Film and television shape our worldview. However, the stories and pictures are often loaded with stereotypes. Recent studies show that women in movies have little say in their own profession. In Germany, a new initiative is emerging that aims for more equality and a 50 percent quota in all German film industries.
By Helen Hecker, Berlin
It was as if a fuse had been lit, one that will not be easy to extinguish. The debate surrounding the role of women in the film industry is a firestorm and participants are pushing for societal change. The demands for equality for women in front of and behind the camera finally have an attentive audience since the turbulent #metoo reporting as well as the debates and discussions at the 2018 Berlinale. Not only that, but also such examples including the Romanian director Adina Pintilie being awarded the Golden Bear for her film “Touch Me Not” and Rachel Morrison receiving an Oscar nomination for “Best Camera” – the first of its kind to be awarded to a woman – have fueled the conversation.
“I have been described as the ‘female cameraman’ more times than I count. I myself have taken the word cameraman out of my vocabulary,” says Nancy Schreiber at the Berlinale Talents event “Technically a Woman”. The 69-year-old camerawoman, or cinematographer as she prefers, is considered one of the pioneers in American pictorial design for cinema. Schreiber was speaking with her French colleague Agnés Godard about her experiences as a woman in the film industry. Godard also recalls the time when she received the “best female cinematographer” award 20 years ago in Italy. “Instead of defining, who does the job, there needs to more focus on what kind of job you do,” says the camerawoman, who worked together with Wim Wenders and Claire Denis. “I do believe that we are much further today than we were a few years ago.”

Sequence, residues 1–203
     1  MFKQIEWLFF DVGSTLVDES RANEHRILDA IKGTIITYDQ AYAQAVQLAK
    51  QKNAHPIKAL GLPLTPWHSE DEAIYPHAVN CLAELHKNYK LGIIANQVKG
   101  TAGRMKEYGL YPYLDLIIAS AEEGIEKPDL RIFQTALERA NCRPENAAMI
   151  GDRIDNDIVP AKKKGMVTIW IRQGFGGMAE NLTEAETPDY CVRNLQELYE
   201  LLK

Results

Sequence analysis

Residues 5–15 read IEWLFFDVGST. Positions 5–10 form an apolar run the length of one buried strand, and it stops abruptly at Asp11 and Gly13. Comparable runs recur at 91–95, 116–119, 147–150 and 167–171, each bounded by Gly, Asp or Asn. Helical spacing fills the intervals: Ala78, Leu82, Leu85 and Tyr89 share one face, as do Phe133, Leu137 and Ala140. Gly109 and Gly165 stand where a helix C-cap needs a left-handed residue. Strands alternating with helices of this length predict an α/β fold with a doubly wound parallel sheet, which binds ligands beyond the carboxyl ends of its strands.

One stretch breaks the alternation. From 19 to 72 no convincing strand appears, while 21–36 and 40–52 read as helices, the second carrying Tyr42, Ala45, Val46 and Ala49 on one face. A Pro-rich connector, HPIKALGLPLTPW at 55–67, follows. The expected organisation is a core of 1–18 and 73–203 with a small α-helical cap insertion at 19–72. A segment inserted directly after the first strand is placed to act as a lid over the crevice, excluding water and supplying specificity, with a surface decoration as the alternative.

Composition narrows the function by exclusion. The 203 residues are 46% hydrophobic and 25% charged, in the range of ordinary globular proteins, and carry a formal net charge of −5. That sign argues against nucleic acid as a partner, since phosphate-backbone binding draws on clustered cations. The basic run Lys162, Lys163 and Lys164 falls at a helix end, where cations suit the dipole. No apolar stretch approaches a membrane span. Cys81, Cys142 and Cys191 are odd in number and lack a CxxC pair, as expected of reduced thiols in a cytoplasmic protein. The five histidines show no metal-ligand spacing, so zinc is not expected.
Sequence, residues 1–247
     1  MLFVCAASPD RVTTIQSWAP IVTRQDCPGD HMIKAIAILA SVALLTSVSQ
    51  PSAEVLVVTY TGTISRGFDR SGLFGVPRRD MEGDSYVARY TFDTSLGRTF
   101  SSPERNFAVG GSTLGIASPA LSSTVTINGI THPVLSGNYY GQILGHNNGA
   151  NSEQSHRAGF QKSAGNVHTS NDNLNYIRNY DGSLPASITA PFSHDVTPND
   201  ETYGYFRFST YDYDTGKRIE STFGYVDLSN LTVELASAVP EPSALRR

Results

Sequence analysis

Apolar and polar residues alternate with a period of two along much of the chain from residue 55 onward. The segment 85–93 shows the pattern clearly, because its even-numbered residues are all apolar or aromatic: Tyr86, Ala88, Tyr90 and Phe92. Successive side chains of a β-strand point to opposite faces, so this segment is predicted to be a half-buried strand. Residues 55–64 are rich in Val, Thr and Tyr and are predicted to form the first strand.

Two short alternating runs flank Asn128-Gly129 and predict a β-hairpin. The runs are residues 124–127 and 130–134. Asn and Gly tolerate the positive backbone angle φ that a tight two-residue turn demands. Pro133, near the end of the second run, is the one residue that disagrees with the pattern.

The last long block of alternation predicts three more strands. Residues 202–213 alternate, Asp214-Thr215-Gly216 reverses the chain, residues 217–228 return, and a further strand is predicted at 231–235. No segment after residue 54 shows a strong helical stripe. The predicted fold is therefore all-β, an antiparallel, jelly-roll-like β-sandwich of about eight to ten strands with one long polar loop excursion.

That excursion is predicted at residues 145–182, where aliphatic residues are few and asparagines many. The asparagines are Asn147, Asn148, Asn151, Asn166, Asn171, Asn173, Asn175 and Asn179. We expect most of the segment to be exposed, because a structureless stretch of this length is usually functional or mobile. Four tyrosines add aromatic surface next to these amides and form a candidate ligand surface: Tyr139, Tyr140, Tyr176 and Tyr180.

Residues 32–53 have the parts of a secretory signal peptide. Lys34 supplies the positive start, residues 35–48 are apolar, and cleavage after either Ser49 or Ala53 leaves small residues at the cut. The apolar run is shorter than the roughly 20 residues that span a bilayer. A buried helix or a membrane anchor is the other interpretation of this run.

Both women have campaigned for the equal opportunity for women in film for years. “In the American film schools, around 50 percent that study cinematography are women, while only 4 percent worldwide work in the field. That is ridiculous,” states Schreiber. According to her, the problem above all else is that only a few women actually get contracts after their studies. Most women find themselves working on independent films if they manage to find work. “Everything boils down to power and money. Hollywood especially protects the old, male system,” says Schreiber. When she was a young lighting technician, she often dressed herself in baggy clothes and refused to wear make-up. “I thought that looking this way would lead to fewer complications and comments from men. Nowadays I know that I had a complex and that I wasn’t alone with that feeling.”
Camerawomen are not the only ones who have it hard. The organization “Women in Film” showed that out of the 100 most successful Hollywood productions in 2017, only eight percent had women sitting in the director’s chair and only ten percent had written the screenplays. Germany too has sobering numbers. In the recently published study “Gender und Fernsehfilm” (gender and television film), commissioned by the Filmföderanstalt (a film support organization) FFA and ZDF, and the ARD, women make up 15 percent of the camera sector and only nine percent in film scoring, the worst scores of the study.
Female directors have slim chances in the film industry. Around 80 percent of the 1,100 analyzed movies and television films between 2011 and 2015 were produced by men. Director Barbara Rohm from the “Pro Quote Film” initiative is striving to strengthen awareness of the problem: “It is important to us that the topic isn’t broken down to cases of individual women. It must be clear that by principle, there is little equal opportunity for women in the film industry. Only one in every five films is directed by a female director and on average, women have smaller budgets and funding material available to them.”
There needs to be a quota for women in German films